The first step to take back control is therefore to learn to draw the line on using your phone in the hour(s) before sleep. You can even follow Arianna Huffington’s footsteps and make it into a ritual! She uses a charging station (which looks like a bed) for all of her devices before bedtime. “You put your phone under the blanket and you tuck it in and say goodnight,” Huffington says. Freeing yourself from the proximity of your device gives your brain the room to ‘breathe’ and do something else, like reading, meditating, or simply catching up with your person. Speaking of pillow talk, if you share a bedroom with a partner, leaving phones in another room applies to you both!  

Bedtime is you-time

What is the first thing that you would like to do with the newly gained “you-time” now that your devices are tucked in and forgotten about? If the first thought that comes to you is the urge to scroll Instagram or check your notifications, take a deep breath. Rest assured, not one text message or email that arrives in the hour or two before sleep can't wait until the next morning. If you're truly worried about missing an important family update or an emergency, charge your phone near your bedroom door with the "Do Not Disturb" mode on. Make sure all notifications and alerts from emails, texts and incoming calls are switched off, except from a few important contacts that you program. Otherwise, allow yourself to unplug and focus on yourself and your environment (check out our top tips on how to optimise your bedroom for best-ever sleep). Once you're settled in your screen-free sleep sanctuary, turn on your personalised sunset, designed to help you unwind and fall asleep easily and naturally. You'll nod off before you know it, and feel so much more productive when you wake up!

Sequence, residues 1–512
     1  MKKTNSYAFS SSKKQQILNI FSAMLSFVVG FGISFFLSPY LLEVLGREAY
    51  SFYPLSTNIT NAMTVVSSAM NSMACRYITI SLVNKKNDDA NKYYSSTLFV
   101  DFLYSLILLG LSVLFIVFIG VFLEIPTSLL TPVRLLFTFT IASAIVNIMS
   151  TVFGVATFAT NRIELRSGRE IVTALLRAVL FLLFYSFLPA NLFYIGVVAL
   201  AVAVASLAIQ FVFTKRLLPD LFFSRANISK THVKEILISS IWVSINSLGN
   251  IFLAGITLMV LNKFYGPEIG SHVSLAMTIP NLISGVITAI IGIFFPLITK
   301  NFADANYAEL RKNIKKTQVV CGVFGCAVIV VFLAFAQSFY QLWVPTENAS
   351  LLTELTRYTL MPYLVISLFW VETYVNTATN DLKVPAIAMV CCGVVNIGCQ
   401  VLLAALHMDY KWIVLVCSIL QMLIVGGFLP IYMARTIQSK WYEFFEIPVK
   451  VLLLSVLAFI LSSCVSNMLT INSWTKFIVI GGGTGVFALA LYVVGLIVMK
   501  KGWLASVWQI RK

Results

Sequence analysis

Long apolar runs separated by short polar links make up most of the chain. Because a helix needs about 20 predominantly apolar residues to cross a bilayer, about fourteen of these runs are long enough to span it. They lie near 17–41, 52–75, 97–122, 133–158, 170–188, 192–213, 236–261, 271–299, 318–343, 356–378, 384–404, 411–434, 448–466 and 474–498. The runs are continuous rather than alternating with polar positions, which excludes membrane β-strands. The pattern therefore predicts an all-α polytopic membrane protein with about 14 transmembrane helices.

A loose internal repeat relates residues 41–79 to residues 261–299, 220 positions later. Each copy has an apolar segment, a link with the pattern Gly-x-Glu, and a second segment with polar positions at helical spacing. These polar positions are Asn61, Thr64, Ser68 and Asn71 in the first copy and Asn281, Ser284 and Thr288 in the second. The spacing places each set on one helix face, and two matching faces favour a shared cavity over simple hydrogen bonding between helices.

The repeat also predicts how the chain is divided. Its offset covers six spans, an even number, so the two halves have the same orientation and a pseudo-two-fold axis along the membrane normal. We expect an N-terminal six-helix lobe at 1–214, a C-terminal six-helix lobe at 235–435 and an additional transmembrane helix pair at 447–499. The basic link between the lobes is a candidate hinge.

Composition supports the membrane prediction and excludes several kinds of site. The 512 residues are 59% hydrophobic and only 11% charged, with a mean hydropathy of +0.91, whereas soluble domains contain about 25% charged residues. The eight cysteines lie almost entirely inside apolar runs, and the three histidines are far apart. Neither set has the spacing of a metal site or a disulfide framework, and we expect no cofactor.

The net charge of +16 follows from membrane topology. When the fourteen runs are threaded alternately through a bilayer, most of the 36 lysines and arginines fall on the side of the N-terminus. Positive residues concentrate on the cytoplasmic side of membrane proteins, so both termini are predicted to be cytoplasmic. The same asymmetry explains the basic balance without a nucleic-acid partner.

I bought Bodyclock for the sunrise alarm (and I love it!) but didn't expect the sunset to work so well too!! I am rarely still awake by the time the light has turned off completely, and I love falling asleep to the sound of a thunderstorm every night.Rachael

Get an alarm clock

Better yet, get an alarm clock that wakes you up gradually with dawn simulation. Our Bodyclock sleep/wake-up lights mimic the light and colour of a real sunrise. The ever-increasing light levels travel through the closed eyelids via the optic nerves to an area of the brain (called the suprachiasmatic nucleus to be exact) that controls the body’s circadian rhythm. It is the master clock of the body responsible for regulating the patterns of sleep and wakefulness, metabolism, hormone release (melatonin and cortisol for instance), body temperature, and more.

My Lumie light wakes me up every single time without fail, far better than an alarm on your phone.Melanie

Because the sunrise simulation is gradual, it allows your master clock to prepare for waking naturally and gradually. Once the light signal is picked up by the brain, your body temperature and heart rate start rising slowly, while the melatonin production is suppressed, making way for cortisol levels to increase. This way, by the time you open your eyes, your room is bright, and you feel calm and at the ready to seize the day. A traditional alarm (or your phone!) jolts you awake with a burst of loud sound without preparing your whole body for waking, leaving you feeling disoriented and groggy, with your heart rate elevated and mood ruined.

Practice makes perfect

The more you stick to your new screen-free bedtime routine, the more natural it will feel to not have your phone close to you at all hours of the day, demanding your attention and tempting you to scroll some more. And who knows, perhaps in time you'll realize that the first moment you pick up your mobile phone is to take it with you as you leave for work in the morning.